The TAF is studying the employment generation results of sustainable energy projects, looking to track job creation and eventually mainstream this goal into EU development projects in Africa – and beyond.
A new TAF mission is currently studying the employment generation potential of sustainable energy projects in Sub-Saharan Africa. The aim is to identify the trends and translate them into a quantifiable indicator, which will allow to factor employment generation into programming and decision making.
There is a new emphasis to identify more labour-intensive subsectors in which African countries could have a competitive advantage, or meet strong domestic demand.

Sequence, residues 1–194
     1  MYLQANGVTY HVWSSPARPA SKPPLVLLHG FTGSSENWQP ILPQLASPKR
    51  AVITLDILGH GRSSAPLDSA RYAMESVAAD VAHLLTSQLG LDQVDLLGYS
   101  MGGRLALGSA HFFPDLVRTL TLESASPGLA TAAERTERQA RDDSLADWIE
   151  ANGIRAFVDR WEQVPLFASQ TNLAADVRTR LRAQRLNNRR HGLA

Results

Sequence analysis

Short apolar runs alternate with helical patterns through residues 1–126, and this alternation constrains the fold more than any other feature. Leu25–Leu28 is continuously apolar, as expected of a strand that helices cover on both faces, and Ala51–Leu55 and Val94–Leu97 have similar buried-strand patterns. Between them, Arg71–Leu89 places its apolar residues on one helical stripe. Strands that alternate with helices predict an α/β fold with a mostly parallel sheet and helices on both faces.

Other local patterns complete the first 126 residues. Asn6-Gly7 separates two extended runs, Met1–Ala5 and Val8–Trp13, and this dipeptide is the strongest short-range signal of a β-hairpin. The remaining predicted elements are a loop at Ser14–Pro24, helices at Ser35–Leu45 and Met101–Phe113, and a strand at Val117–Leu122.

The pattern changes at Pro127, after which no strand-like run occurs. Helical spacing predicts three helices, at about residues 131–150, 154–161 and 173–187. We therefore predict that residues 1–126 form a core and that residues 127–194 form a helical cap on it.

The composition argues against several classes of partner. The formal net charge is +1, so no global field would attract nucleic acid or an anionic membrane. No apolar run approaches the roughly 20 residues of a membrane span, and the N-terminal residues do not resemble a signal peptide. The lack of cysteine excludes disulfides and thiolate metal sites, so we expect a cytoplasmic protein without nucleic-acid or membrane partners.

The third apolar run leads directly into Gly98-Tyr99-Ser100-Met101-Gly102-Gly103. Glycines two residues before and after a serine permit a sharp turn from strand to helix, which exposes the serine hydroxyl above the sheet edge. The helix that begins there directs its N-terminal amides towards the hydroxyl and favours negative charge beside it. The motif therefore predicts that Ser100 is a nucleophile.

So far, the study has confirmed that the sector of sustainable energy continues to generate new employment: examples of labour intensive technologies include general biomass based systems like improved cook stoves (portable and/or fixed), waste to biogas (tubular and fixed dome), waste to energy interventions like municipal solid waste as well as HPC, and hydro systems, which are particular labour intensive during construction and installation. Solar lanterns and portable solar kits in terms of assembly and distribution also offer enormous job opportunities.
Job creation opportunities also exist for training, research and capacity building of practitioners – especially in the rural context. Core areas identified for training include standards and quality assurance, business skills and technical competency –especially for women, in solar and biogas. Target groups include value chain actors with emphasis on importers, distributors, wholesalers, retailers, manufacturers, assemblers, installers, and operation & maintenance personnel.